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September 30, 1939


JAMA. 1939;113(14):1282-1285. doi:10.1001/jama.1939.02800390004002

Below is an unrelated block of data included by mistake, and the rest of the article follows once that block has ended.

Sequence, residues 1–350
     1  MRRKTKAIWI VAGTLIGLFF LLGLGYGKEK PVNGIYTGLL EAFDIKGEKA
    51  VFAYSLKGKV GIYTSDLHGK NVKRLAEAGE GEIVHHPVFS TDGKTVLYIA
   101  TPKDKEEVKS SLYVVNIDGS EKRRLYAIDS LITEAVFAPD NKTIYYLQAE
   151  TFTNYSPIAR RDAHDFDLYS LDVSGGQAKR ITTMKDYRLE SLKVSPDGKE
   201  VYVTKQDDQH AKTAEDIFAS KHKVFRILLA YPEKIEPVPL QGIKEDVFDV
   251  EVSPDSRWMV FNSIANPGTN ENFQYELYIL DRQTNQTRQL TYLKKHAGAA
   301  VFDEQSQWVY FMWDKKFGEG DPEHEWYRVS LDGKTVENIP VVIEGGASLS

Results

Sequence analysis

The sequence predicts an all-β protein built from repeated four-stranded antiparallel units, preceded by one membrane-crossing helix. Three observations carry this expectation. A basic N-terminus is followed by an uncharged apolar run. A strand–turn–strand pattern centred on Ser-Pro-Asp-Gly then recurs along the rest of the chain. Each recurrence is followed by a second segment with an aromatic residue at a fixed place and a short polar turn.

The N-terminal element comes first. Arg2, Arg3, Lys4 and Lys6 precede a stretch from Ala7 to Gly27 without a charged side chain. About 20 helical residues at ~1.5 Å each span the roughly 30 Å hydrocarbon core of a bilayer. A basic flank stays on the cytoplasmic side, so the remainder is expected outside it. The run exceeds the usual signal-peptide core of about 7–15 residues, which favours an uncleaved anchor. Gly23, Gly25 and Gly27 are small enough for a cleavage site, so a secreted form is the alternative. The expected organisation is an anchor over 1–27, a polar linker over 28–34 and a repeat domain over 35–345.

As physicians specializing in nervous and mental diseases, we have all known of the increasingly good results following surgical attack on the pituitary adenomas, results which have been steadily improving for the past twenty-five years. We have heard again this afternoon1 of the magnificent work which is being done by the neurosurgeon. I have no quarrel with surgeons but only admiration for their courage as well as their technical skill and for their low mortality, which, in the last ten years of Dr. Cushing's series,2 reached the astonishing figure of only 2.4 per cent. (The mortality is not as low in the majority of neurosurgical clinics, being probably nearer 10 per cent.) Recently an accurate, complete and detailed report of a follow-up study of Cushing's 338 cases of pituitary adenoma by Henderson3 stated that the good results following surgica procedure can be prolonged and some of the